Since few things are more basic than food, it is heartening to see adjectives, like local, slow, organic and free-range creep into mainstream vocabulary. They don’t always come with a full understanding of the issues behind them – I have yet to hear a celebrity chef discuss Ghawar or methane clathrates – but at least the media culture seems to be moving in the right direction. There is one meal, however, that rarely comes up, in which most people continue to eat highly processed and unsustainable food – breakfast.

Here in Ireland, we eat more breakfast cereal per person than any other people in the world, and 95 percent of us buy breakfast cereal each year. According to Kellogg’s web site, the Irish eat more than eight kilos of breakfast cereal per year, two kilos more than in the UK or the USA, making the cereal aisle one of the most visited in the supermarket.

Cereal is the supermarket’s third most popular product in dollars, just behind soda and milk and just above cigarettes. The few corporations that make almost all cereal brands spend more money on advertising than does any other industry except cars.

Most of us grew up eating cereal every morning, possibly featuring one of the more than 1,000 cartoon characters designed solely to sell breakfast products. As adults, many of us continue to eat cereal, told that it is necessary to get vitamins or lose weight.

In fact, breakfast cereals are rarely healthy and never necessary. Most children’s cereal have far more sugar than any child needs – Smacks, for example, are more than half sugar. Even the less saccharine adult cereals are exorbitantly expensive for the amount of nutrition they contain.

When you think about it, a breakfast cereal is a bizarre product — there is nothing natural or normal about eating manufactured flakes and puffs created by giant machines in factories, shipped around the world and sealed in plastic for months.

It’s probably not a coincidence that they were invented as the world was beginning to use fossil fuels in the 19th century. Fossil fuels allowed more food and a population explosion, fewer jobs on increasingly mechanised farms, and more jobs in increasingly polluted and overcrowded cities. Much of the new mass-produced food for urban workers was of low quality and questionable origin – according to author Otto Bettman, the New York Council of Hygiene reported in 1869 that the meat and poultry hung raw in stores “undergo spontaneous deterioration…becoming absolutely poisonous.” To use another example, city inspectors in 1902 found the majority of milk sold in New York was unsafe to drink.

Understandably, this combination of pollution, overcrowding, stress and near—poisonous food created many stomach problems, and the early industrial era also created a new moneyed middle class that could pay for cures. The first health food movement sprang up in response, with a mixture of common-sense advice, ridiculous junk science and competitive marketing familiar to most of us today. Health gurus touted the 19th-century equivalents of Echinacea or Goji berries, and one solution – made possible by the new industry and mass production – was breakfast cereal.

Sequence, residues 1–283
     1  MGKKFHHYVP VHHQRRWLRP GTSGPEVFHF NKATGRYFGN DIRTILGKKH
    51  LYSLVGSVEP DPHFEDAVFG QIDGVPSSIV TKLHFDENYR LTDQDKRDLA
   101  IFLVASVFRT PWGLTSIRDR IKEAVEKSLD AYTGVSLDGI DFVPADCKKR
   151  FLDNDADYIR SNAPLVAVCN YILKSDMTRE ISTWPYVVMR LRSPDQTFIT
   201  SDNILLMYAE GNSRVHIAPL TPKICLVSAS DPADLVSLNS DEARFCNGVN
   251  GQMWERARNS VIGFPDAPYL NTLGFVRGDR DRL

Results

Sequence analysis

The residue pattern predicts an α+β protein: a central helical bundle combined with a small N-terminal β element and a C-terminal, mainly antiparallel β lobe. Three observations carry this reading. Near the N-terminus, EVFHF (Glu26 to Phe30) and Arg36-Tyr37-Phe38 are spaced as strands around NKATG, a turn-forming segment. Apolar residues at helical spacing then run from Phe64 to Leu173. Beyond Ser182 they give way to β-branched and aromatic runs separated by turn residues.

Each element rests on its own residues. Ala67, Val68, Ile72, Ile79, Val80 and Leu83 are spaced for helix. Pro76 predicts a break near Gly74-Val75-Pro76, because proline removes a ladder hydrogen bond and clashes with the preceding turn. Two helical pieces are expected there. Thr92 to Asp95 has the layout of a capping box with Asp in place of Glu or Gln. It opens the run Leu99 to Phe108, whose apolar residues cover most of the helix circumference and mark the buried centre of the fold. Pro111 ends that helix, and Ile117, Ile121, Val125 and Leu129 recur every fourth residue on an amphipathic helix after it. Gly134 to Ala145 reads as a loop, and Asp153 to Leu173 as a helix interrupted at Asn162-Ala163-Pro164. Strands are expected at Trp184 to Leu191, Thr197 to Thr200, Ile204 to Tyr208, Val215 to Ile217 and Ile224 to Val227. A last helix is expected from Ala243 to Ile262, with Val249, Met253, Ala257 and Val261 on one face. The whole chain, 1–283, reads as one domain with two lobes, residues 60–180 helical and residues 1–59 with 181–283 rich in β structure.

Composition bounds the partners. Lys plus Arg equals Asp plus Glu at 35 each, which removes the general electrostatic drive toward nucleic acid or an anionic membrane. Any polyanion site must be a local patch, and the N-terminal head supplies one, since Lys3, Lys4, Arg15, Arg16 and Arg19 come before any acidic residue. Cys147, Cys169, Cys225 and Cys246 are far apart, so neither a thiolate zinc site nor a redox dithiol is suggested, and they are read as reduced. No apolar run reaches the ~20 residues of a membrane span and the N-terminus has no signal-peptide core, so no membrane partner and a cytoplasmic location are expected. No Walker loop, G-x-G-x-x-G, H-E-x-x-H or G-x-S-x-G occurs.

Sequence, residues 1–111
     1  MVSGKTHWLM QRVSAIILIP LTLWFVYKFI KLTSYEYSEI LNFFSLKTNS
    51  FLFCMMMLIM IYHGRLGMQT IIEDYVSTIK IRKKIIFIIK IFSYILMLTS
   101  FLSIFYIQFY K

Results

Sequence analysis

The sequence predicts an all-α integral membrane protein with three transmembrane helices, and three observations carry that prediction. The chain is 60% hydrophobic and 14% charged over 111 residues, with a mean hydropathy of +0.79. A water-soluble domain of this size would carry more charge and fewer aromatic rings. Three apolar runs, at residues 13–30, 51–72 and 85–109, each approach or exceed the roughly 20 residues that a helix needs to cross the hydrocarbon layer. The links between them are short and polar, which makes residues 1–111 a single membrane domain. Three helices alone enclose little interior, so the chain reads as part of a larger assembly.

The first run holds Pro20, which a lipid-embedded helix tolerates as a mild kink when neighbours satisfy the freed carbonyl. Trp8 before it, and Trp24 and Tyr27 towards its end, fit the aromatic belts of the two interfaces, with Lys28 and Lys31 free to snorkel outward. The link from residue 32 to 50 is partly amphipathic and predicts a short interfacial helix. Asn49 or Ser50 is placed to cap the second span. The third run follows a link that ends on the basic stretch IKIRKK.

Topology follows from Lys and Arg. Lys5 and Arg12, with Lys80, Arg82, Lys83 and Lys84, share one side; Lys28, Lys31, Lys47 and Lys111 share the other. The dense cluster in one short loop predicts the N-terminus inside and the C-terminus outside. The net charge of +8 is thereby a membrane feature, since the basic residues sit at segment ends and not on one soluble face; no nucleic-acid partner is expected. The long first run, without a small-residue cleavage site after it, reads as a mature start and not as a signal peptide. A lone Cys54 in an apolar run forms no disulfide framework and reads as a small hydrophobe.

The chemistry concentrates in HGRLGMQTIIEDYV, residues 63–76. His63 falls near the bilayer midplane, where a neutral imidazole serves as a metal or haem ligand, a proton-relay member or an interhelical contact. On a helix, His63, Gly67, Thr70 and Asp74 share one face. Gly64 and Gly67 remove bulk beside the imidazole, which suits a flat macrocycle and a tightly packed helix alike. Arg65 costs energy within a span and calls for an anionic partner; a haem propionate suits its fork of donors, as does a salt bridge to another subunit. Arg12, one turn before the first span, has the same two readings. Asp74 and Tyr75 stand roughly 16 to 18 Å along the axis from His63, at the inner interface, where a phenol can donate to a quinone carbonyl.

It wasn’t the only such solution – on this side of the Atlantic, it was cookies that were touted as indigestion cures, and they are still called “digestive biscuits” today. In America, though, health companies touted wheat flakes, and after decades of advertising they became normal and spread across the Western World.

It should be fairly easy to see that cereal cannot continue to be a part of people’s lives much longer: as energy and money grow tight, we will not be able to continue transporting wheat around the world and sending it through energy-intensive factories to be crushed, soaked, pressed and heated. We will have to do more traditional things with grain — grinding into flour, sprouting, boiling – that served people before the energy window.

Finding out whether cereal is actually “part of a nutritious breakfast” is actually a simple process: Take the nutrition and price of a box of cereal, and compare it to a vegetable like kale.

Take as an example a common adult cereal I chose from the store. One serving of it is 31 grams for some reason, and contains 117 calories, but only 15 percent of your recommended daily dose of Vitamin A and 35 percent of Vitamin C. At my local grocery store, it is 5.49 euros, or 34 cents per serving.

A serving of kale is a lot more food – 130 grams – but has less than a third as many calories, at 36, and has 354 percent of your needed Vitamin A, 89 percent of Vitamin C, plus Calcium and iron, all for seven cents a serving. In other words, kale costs 79 percent less than breakfast cereal and 66 percent fewer calories, but has 2.5 times more Vitamin C and 24 times more Vitamin A.

Of course, that’s just one example: You can’t live on kale alone, nor would it be filling by itself, so scramble it with eggs and eat it with toast. Put it in bean soup. You use your imagination, and you get to practice cooking. If cooking is too much work first thing in the morning, you could make a nutritious meal the night before, and put it in the refrigerator along with your lunch. If you feel like being very organized, you could cook earlier in the week and make enough for breakfast and lunches all day. Finally, you could grow or raise all the ingredients yourself, in your garden, and get your food virtually free.

This seems a small thing, but all that cereal purchased means that it is part of the daily ritual for hundreds of millions of people, and we love our rituals – especially in the morning. Changing them creates stress, and the more changes we have to make at once, the more overwhelmed we will feel. We will be better off eliminating such unnecessary habits now, so that when major changes are forced upon us, our lives can continue as smoothly as possible.